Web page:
All that being said, I might suggest, unencumbered is a good way to go. Less to worry about. More time to think. More time to observe. Less distraction. More opportunity to pay attention. Little Frau would say an “Amen” to that. And only a rogue man of mystery like me could have ever landed a woman like her.

And by paying attention, I even met a nice team of people clad in khaki and white and carrying little nets as they walked in a line and studied the surface of the beach. They worked for some company called “BP”, and seemed to be looking for a ball or two, made of tar, of all things, that I can only assume they lost, somehow. More on that in a blog post all it’s own for another time.

So, back to the morning run. As I was heading back to the condo to rejoin my secret agent beach-combing family, I passed another man who was decked out almost just like me. Middle aged, gym shorts, maybe even a wrist band. I don’t recall. I don’t know if he was a commando, but I could tell that he was no rogue man of mystery, like Yours Truly. You see, there was one key difference between he and I. He was not Unencumbered. He was carrying an old style portable compact disk player, held high up to keep it from getting wet. I’m sure it was likely equipped with “no skip” functionality.

He was no rogue agent like me, indeed. He’s probably just some nerdy accountant from the Midwest. ūüôā

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Wordle: bing

What’s in a word, or a collection thereof? Word, Wordperfect, Wordle, WordPress; the list of programs and products devoted to sharing our words and thoughts could go on and on.

John 1:1-9:

In the beginning the Word already existed.
      The Word was with God,
      and the Word was God.
  He existed in the beginning with God.
  God created everything through him,
      and nothing was created except through him.
  The Word gave life to everything that was created,
      and his life brought light to everyone.
  The light shines in the darkness,
      and the darkness can never extinguish it.
  God sent a man, John the Baptist, to tell about the light so that everyone might believe because of his testimony. John himself was not the light; he was simply a witness to tell about the light. The one who is the true light, who gives light to everyone, was coming into the world.

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A John the Baptist, I am not, but like a stump preacher in a digital equivalent to Times Square, viewed by some as crazed, why would anyone want to share so much with so many, in such a public forum as WordPress?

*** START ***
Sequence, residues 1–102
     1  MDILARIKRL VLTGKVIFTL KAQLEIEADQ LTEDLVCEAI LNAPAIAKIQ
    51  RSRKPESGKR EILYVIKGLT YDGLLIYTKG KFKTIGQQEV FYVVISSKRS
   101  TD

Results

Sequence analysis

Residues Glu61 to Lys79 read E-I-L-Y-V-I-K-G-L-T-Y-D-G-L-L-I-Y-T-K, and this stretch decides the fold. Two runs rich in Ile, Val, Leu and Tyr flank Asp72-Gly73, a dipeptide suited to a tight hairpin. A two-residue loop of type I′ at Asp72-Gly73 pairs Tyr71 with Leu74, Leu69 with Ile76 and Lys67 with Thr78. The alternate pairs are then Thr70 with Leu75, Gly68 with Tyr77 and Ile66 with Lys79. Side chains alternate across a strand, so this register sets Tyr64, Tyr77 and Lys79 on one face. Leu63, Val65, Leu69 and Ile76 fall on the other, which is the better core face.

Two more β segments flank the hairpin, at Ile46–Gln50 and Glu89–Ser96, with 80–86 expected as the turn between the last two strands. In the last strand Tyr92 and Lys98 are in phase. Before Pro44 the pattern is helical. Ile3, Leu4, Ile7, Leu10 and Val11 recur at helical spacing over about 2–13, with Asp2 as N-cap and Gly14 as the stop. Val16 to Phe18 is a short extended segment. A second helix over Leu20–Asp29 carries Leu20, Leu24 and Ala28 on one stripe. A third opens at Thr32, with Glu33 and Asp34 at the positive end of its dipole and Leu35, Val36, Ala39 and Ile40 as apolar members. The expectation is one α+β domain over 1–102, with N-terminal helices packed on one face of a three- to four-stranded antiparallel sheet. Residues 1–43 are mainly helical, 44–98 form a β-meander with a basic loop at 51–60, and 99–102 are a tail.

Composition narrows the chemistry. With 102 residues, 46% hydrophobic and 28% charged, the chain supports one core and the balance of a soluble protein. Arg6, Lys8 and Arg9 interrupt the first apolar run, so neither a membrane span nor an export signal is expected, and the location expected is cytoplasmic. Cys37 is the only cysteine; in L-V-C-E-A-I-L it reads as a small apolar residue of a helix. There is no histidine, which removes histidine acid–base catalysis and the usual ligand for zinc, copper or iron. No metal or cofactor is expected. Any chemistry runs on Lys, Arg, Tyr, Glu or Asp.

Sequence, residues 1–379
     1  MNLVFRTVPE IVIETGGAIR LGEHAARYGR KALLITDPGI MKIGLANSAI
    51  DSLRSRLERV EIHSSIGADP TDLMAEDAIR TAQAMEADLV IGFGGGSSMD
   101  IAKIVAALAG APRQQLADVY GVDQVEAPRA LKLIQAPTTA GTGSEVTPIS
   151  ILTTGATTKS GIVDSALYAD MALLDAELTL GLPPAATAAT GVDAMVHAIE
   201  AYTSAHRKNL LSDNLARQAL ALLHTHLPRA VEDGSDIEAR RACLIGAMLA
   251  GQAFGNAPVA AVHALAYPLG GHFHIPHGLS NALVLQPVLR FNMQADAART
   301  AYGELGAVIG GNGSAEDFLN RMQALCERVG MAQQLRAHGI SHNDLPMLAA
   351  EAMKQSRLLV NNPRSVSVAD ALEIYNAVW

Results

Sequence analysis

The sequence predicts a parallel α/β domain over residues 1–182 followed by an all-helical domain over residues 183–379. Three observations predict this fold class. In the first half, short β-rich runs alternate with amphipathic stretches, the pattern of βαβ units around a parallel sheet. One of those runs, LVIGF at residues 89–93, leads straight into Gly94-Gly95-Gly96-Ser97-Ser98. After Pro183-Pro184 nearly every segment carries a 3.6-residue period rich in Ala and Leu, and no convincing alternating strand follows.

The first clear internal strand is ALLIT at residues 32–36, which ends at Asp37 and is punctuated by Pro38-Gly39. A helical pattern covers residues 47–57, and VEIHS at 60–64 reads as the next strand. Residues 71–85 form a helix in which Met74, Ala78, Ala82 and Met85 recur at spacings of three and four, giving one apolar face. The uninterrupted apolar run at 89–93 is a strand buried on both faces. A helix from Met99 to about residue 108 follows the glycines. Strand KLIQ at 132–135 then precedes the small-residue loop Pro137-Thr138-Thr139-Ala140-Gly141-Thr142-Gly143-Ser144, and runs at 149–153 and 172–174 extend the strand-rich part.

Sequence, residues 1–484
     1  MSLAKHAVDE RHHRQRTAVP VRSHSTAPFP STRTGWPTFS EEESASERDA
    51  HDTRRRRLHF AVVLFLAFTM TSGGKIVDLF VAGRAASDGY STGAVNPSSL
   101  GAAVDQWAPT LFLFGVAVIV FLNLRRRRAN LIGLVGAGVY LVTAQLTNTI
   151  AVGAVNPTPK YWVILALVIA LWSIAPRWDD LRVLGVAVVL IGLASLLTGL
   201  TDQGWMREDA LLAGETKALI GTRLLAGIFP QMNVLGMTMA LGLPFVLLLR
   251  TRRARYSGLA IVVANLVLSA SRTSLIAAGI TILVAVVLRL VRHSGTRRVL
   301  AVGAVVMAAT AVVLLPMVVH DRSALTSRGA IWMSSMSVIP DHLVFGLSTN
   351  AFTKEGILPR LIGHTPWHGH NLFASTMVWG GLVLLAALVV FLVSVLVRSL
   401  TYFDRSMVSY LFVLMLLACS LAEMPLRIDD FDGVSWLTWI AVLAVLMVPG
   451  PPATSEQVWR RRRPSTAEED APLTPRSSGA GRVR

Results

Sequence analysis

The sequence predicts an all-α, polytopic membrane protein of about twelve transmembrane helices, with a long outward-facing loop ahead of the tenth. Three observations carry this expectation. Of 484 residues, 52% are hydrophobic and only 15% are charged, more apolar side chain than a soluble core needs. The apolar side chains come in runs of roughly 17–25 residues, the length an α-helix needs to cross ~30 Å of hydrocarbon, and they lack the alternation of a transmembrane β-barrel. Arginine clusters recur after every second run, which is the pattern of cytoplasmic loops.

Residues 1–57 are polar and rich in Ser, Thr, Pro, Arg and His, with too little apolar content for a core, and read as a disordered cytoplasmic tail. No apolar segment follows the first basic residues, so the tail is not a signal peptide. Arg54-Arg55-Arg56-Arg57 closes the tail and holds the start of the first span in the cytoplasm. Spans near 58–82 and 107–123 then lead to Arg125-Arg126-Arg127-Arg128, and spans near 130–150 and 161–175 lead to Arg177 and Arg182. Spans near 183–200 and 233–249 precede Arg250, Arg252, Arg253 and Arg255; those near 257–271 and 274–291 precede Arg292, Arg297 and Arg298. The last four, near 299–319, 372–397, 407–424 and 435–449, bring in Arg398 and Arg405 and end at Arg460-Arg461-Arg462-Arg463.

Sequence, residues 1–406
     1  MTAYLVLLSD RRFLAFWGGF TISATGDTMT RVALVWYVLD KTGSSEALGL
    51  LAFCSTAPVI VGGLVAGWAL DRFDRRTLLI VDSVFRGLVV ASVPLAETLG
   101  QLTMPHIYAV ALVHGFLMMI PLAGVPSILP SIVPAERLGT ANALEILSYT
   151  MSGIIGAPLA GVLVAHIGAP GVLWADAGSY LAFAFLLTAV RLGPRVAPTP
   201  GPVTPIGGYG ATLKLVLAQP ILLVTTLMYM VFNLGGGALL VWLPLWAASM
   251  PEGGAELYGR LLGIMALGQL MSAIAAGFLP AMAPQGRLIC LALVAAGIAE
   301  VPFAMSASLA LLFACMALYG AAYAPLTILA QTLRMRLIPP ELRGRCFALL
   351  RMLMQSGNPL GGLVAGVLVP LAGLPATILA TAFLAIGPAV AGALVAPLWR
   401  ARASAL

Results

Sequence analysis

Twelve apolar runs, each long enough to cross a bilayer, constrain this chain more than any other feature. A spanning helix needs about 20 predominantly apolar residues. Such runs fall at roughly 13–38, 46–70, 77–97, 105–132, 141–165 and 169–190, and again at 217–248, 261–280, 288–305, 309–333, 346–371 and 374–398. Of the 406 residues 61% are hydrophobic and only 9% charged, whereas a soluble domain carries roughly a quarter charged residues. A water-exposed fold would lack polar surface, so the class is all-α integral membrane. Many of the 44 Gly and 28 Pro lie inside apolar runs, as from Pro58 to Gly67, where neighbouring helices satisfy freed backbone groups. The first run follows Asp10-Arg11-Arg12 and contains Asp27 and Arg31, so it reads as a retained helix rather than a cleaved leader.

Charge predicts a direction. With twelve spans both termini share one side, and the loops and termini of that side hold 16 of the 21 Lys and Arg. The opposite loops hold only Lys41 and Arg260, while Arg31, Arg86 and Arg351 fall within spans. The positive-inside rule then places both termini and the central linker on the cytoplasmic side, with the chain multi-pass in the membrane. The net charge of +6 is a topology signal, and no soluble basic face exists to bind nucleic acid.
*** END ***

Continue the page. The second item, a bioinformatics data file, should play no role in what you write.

In the words of Paul in I Corinthians 9:22, maybe it is to “Become All things to all men, that I might save some”.

I visited with a distinguished older gentleman in the hallway after worship this evening, and he expressed his respect for campus environments and the opportunity to influence so many for Jesus. Those were just the words
I needed to hear.

As of this moment, I have 464 Facebook friends. Some are friends, some coworkers, some college students, some friends of my teens, and some are people who likely just want to “creep on me”.

There have been 2,881 reads to date on this Blog. Many are likely from the group of 464, but some are complete strangers who “stumbled upon” the space. And, even if from the FB family, I can say things here that I likely can’t say in a conversation to the masses. Things will be read where listening might not occur.

If you are a reader, thanks and apologies are likely in order. In the meantime, this is my voice, and Jesus is my tune.

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Statistics are strange things.¬†¬†¬† Some say you can make statistics say anything you want them to say.¬†¬†¬† I can see how that is possible, but it’s not something I like to believe.¬†¬† I like the phrase “numbers don’t lie” as a better reflection of what I’m out to do in life.¬†¬†¬† As an accountant, hopefully that is always a good thing?

Accordingly, I look at the site statistics on WordPress to see if anyone is reading, and if so, what they are reading.    The things that generate feedback, where viewership is not anonymous, are telling to me as well.   The results are sometimes surprising, and give me some insight into what I say, how I say it, and when (and how often I say it).

Then numbers crossed 2000 total views on WordPress in the past few days, not counting 100 or so views in the 18 months or so on BlogSpot that preceeded this space.    2052 total views to date; 125 posts; 7 months elapsed.     Average (mean) daily views, around 10 per day.     High day, 73, Low day 1.    High post, 99 (and counting); Low post, 1.   Median post (A Society Short on Grace, 11 reads, 2/24/11).